The HoloStim-3D seamlessly integrates with the HyperScope, an award-winning multiphoton imaging system, to create an industry-leading spatial light modulator (SLM) system for all-optical interrogation of neural networks with previously unachievable performance.
“I am thrilled to play a part in determining what will make the next generation of products valuable to the scientific community”, Dr. Rodrigo Bammann
After completing his PhD, Rodrigo worked as a science and physics teacher in secondary schools before working as an Applications Scientist at Scientifica. Here he shares his academic career and his advice for those who are considering looking for a position outside of academia.
My journey in academia
My academic career has taken me in many different directions in terms of research focus, techniques and geography. I began in my native Brazil with a bachelor’s degree in Biological Sciences. My favourite subjects were comparative anatomy and the physiology of vertebrates, particularly the development of the nervous system. I studied the ampullae of Lorenzini in sharks, which got me interested in neuroscience.
After a short period working in a behaviour and psychology lab in São Paulo, I made the move to the UK and joined a master’s course in Systems Biology at the University of Warwick. It was there that I started learning electrophysiology, as well as working with programming and mathematical modelling. I went on to complete a PhD at the University of Leicester, using electrophysiology to investigate how nitric oxide and serotonin affect the electrical properties of cortical cells.
As a post-doctoral researcher at the CRIUMSQ in Université Laval, Quebec, I worked with the olfactory bulb and neurogenesis. Here, I continued to use electrophysiology but also began to learn multiphoton microscopy. One of my most prized accomplishments in this position was constructing optic paths to enable 2 two-photon lasers to work together.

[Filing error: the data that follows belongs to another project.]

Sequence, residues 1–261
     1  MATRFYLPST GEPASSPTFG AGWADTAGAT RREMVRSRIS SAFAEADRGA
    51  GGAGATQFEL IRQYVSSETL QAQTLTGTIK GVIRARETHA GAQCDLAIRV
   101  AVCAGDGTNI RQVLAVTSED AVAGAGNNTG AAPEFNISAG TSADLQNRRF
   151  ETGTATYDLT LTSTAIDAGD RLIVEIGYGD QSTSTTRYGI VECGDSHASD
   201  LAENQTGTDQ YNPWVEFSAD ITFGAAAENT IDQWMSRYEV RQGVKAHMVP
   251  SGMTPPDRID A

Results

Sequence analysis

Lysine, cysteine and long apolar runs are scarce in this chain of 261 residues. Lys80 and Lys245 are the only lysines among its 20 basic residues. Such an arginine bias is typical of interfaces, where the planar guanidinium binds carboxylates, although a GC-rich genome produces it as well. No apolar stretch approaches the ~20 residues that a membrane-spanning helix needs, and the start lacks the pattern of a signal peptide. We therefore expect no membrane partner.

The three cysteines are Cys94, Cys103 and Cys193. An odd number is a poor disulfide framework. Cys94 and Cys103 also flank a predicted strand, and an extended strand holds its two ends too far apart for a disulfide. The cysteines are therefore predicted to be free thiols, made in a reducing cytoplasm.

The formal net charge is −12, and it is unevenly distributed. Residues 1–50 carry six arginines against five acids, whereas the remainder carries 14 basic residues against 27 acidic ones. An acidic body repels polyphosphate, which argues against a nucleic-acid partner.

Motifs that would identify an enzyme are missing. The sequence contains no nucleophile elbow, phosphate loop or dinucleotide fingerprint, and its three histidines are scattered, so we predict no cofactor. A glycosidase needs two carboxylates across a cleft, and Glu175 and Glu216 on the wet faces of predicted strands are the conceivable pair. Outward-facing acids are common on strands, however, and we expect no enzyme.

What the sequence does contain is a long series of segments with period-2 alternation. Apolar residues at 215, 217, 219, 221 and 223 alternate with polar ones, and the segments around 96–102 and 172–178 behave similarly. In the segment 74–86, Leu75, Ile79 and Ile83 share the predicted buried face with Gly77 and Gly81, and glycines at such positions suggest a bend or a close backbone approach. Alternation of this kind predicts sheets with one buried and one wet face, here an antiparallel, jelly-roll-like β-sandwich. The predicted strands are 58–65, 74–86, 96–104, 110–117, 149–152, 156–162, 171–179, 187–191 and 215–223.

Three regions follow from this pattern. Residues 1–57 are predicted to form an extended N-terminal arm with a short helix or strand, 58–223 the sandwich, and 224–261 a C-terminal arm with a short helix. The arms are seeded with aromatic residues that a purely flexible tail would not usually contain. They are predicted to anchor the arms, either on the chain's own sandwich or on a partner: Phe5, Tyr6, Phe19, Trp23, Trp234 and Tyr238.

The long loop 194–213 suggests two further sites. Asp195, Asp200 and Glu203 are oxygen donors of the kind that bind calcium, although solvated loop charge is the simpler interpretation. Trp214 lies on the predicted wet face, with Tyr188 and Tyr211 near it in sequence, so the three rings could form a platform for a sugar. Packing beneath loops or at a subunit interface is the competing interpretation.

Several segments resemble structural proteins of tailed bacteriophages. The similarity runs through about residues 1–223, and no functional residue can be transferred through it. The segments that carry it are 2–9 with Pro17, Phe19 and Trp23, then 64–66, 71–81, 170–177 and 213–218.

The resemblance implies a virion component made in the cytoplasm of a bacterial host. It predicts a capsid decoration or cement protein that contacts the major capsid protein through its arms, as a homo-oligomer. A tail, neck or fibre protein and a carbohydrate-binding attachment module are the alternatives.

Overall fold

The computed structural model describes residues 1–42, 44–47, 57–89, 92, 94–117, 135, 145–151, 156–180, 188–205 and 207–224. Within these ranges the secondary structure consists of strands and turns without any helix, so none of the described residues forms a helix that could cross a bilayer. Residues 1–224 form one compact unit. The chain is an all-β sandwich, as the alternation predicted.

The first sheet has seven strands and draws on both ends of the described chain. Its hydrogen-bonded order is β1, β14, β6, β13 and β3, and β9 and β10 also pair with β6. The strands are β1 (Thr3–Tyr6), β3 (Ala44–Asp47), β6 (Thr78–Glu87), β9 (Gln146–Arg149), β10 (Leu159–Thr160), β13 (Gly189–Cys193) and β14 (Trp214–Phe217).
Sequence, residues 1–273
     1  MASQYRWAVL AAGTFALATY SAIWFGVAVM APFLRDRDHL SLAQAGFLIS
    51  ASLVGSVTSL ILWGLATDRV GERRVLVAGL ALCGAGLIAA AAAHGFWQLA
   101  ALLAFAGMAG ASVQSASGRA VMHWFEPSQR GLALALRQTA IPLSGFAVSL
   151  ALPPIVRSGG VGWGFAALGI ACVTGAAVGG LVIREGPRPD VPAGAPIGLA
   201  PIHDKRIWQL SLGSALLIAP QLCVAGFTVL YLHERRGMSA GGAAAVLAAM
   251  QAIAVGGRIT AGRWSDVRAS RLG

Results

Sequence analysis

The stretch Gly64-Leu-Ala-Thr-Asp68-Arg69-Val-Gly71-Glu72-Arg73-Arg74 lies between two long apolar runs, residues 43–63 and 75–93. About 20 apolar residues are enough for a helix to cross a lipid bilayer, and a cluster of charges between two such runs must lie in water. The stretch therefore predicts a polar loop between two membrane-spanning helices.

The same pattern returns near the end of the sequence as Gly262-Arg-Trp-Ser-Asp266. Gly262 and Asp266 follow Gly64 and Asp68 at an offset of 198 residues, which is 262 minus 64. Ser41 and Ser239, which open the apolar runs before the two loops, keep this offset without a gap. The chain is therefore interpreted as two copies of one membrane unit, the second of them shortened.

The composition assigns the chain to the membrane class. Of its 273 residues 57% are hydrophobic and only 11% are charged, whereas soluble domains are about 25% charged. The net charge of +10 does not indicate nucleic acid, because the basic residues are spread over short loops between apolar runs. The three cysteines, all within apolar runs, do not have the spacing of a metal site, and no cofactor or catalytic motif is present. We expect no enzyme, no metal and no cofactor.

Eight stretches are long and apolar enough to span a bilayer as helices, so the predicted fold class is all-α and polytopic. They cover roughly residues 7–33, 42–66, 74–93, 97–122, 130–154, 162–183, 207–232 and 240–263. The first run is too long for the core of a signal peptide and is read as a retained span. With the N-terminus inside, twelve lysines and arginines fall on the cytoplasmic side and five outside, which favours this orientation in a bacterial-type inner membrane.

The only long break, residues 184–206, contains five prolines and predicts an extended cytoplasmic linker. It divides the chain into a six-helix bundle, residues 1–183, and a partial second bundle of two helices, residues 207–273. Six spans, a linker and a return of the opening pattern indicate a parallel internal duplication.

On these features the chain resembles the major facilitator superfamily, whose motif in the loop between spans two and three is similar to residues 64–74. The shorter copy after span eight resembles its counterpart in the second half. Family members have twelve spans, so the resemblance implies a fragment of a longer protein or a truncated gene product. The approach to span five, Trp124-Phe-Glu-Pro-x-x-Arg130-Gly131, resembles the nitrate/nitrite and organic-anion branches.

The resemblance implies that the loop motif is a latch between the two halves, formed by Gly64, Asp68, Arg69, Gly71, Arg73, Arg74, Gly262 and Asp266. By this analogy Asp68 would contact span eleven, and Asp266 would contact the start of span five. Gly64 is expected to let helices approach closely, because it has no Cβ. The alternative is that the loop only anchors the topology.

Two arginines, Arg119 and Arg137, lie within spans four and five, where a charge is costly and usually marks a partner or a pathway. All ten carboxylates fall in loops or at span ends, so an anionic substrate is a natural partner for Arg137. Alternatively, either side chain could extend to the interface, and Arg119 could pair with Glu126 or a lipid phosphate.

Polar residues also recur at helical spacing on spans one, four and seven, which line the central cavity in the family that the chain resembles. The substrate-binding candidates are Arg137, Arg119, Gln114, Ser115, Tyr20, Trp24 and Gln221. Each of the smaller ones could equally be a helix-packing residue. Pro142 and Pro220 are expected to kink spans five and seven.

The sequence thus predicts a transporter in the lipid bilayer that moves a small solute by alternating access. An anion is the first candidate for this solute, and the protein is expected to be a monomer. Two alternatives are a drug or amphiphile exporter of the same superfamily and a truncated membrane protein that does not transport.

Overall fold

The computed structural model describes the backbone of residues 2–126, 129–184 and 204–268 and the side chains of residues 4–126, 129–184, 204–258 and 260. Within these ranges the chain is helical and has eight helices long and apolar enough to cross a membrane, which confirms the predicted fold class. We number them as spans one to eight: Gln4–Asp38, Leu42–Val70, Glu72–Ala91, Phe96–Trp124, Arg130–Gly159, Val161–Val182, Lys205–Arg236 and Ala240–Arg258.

Through all of these many changes, what has remained constant is my passion for continually learning and making new discoveries, and for getting the best out of the equipment I work with. These qualities continue to be important in my current role at Scientifica.
My transition to industry
For personal reasons, I had to cut short my time in Canada and move back to the UK suddenly. A lack of published papers made it difficult for me to find another academic position and so I began teaching Science and Physics in secondary schools. This gave me the opportunity to improve my communication and presentation skills, but teaching is not my vocation and I missed working in neuroscience. I searched and applied for many industry jobs but it took a long time before I found one that matched my extremely specialised skill set. When I saw that Scientifica was looking for an Applications Scientist, I knew immediately that it was a great fit for my abilities, experience and interests, and applied for the position.
It’s great to have the security of not working on a fixed term contract anymore. I am very happy to have achieved this whilst still working in a field that I love, and without compromising my desire for continuous learning and development. In my Scientifica role, I am really enjoying sharing my knowledge of research and helping clients and colleagues to solve problems with equipment. I am thrilled to play a part in determining what will make the next generation of products valuable to the scientific community.
My advice for those considering moving from academia to industry
It can seem very daunting trying to make this transition, especially if you’ve trained for a long time to specialise in a particular area. Academics are sometimes very self-critical and it can be useful to get someone from outside academia to help you review your career experience. You will probably find you have a lot more transferable skills than you thought, which can give your confidence a real boost as well as be invaluable for job applications.
There are also some very useful websites that can assist in preparing your CV, since an academic CV is vastly different from an industry one. Networking is of vital importance; you can talk to people face-to-face at conferences and meetings, as well as connecting on social media sites such as LinkedIn. The more people who know you are looking for a job, the more likely you are to discover an opportunity that’s right for you. Finally, don’t be afraid to show your enthusiasm! It’s as important in industry as in academia to be passionate about what you do.
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